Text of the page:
While it probably doesn't qualify as a trend yet, some municipalities are more receptive to rezoning land that had been earmarked for new-home construction to be used instead for commercial and industrial development.
A quick search of recent news stories around the country finds landowners in several markets who have sought rezoning that either reduces or entirely does away with the residential component of their proposal in favor of a commercial option. On a larger scale, Centex Homes recently got approval to convert 104 acres of land in Fort Pierce, Fla., on which it had intended to build 531 homes in a community called Hawk's Reserve, for light-commercial use.
David Webster, a Centex spokesman, says the Fort Pierce situation is specific to that market and should be viewed as such concerning Centex's larger plans. But the Dallas-based builder has put the word out to its divisions nationwide to think harder about how best land can be deployed during the current housing downturn, says Kevin Borkenhagen, vice president of land development and entitlement for Centex's Southeast Florida division.
Borkenhagen tells BUILDER Online that his markets are currently "inundated" with unsold homes. In fact, Hawk's Reserve is only a half-mile from another Centex community in Fort Pierce. After Centex stopped work at Hawk's Reserve, in response to soft sales in the market, St. Lucie County's Economic Development Council (EDC) approached the builder about rezoning its property for nonresidential use. Borkenhagen says the county was "very much in favor" of the conversion because it wants to attract more businesses and jobs to an area that Larry Pelton, the EDC's council, told the Palm Beach Post was "probably the premier industrial site in our county."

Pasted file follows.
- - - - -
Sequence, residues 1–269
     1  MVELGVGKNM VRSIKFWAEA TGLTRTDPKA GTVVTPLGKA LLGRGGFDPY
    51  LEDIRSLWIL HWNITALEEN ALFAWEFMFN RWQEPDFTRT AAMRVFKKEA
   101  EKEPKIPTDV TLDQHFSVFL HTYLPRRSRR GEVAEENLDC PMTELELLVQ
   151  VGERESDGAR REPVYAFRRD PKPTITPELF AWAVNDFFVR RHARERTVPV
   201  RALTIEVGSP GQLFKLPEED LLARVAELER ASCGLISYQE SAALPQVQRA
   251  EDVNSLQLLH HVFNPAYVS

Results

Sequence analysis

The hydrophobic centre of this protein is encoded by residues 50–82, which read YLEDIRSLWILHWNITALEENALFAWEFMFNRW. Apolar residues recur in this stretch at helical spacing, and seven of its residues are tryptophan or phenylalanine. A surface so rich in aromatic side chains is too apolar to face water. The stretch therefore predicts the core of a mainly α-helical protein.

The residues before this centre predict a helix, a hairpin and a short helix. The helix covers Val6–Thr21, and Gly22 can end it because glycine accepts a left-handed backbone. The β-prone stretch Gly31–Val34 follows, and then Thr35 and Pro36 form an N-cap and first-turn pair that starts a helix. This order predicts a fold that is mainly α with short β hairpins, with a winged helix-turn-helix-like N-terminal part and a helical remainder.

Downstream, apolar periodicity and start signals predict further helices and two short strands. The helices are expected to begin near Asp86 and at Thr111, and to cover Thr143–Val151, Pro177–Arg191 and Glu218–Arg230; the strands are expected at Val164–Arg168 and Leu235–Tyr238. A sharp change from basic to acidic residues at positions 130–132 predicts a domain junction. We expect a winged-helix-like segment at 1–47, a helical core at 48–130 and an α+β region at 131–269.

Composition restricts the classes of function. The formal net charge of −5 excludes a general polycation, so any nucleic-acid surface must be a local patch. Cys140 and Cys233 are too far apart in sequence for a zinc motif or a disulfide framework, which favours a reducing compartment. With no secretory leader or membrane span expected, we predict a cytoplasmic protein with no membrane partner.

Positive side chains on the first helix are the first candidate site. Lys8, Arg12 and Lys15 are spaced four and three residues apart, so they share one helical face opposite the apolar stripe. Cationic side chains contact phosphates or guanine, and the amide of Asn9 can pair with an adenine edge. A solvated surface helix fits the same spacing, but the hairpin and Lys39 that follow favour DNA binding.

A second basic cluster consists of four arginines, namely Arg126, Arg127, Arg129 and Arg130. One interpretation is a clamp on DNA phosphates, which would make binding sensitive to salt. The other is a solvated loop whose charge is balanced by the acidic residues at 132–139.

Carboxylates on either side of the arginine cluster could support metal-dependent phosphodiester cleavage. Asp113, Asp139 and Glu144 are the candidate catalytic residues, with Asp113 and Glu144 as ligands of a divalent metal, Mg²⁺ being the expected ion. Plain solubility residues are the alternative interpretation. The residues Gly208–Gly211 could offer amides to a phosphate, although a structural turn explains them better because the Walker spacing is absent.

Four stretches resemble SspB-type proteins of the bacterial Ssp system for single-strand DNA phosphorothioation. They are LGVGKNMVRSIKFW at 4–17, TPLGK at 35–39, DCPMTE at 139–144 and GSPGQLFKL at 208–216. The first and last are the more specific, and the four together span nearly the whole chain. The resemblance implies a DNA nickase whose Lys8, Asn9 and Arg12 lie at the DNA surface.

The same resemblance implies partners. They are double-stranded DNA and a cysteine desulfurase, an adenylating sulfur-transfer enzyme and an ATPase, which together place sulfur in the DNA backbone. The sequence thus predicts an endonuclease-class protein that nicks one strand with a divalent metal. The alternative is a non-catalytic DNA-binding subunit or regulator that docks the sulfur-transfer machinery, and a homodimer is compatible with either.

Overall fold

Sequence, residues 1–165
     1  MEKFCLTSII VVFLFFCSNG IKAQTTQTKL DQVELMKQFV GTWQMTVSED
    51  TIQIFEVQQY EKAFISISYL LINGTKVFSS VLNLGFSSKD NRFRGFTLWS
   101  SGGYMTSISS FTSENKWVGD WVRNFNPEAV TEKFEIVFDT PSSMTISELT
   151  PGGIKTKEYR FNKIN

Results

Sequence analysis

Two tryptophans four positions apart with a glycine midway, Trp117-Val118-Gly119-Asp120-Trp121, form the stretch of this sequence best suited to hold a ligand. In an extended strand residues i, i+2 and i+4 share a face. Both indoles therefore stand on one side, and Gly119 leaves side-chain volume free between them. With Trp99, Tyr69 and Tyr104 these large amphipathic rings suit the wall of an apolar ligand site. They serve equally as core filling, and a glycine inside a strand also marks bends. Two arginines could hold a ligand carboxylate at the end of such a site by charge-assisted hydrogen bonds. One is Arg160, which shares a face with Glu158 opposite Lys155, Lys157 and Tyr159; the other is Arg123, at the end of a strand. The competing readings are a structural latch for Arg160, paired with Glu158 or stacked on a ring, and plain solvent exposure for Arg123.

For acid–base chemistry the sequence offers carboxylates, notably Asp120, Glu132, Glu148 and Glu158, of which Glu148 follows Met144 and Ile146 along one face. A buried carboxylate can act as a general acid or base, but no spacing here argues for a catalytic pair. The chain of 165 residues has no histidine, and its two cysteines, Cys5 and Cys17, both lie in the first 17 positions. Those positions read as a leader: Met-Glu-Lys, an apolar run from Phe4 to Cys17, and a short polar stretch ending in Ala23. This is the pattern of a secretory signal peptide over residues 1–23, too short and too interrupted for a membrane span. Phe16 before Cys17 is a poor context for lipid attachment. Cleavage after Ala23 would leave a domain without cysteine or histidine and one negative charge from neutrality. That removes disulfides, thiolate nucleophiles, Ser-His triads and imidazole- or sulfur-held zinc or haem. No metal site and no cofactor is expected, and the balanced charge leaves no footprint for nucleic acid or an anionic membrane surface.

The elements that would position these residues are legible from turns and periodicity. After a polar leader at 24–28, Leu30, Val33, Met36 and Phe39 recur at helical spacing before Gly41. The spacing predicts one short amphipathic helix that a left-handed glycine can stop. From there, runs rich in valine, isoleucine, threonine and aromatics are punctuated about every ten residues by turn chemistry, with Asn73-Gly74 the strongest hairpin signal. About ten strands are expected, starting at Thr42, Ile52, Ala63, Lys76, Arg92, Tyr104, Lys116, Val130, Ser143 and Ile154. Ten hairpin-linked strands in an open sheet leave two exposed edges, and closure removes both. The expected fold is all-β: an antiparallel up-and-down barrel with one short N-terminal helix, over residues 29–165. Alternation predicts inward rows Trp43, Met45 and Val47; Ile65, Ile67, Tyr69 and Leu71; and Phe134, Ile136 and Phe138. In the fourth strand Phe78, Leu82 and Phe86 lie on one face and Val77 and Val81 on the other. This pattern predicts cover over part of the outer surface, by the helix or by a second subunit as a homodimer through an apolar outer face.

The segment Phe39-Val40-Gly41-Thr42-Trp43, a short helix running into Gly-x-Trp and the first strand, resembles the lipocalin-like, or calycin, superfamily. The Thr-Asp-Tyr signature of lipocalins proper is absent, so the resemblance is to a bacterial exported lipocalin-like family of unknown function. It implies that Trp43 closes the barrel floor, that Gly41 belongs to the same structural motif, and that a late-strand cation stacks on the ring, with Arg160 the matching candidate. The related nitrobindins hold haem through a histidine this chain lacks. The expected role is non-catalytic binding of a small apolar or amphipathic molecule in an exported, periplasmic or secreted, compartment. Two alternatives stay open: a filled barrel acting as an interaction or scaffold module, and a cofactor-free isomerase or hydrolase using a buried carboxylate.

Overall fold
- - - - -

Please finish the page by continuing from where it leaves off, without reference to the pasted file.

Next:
In fact, the council expedited the approval process so that Centex got this land rezoned in only 90 days, "which is unheard of down here," says Borkenhagen. And even though the first buyer for that land fell out, he says there are several other interested parties. (Borkenhagen adds that the county has been helping Centex market the property to commercial developers.)
Borkenhagen is hoping a 110-acre parcel that Centex owns in Palm Beach, Fla., receives "crawl designation" as part of a corridor study of nearby Route 7, which will determine if that road is over capacity. Centex originally planned to build 264 homes on this land. But it's already selling out of a community called Castellina in the adjacent town of Wellington, Fla. And a crawl designation could make Centex's land in Palm Beach more valuable to commercial developers, he explains, because it would allow them to apply to the county for higher densities. On the other hand, densities for residential developers along that corridor are locked in, he says. Even with the designation, though, Centex could ultimately decide to hold onto this land to build new homes eventually, "when the market turns around, God willing," says Borkenhagen.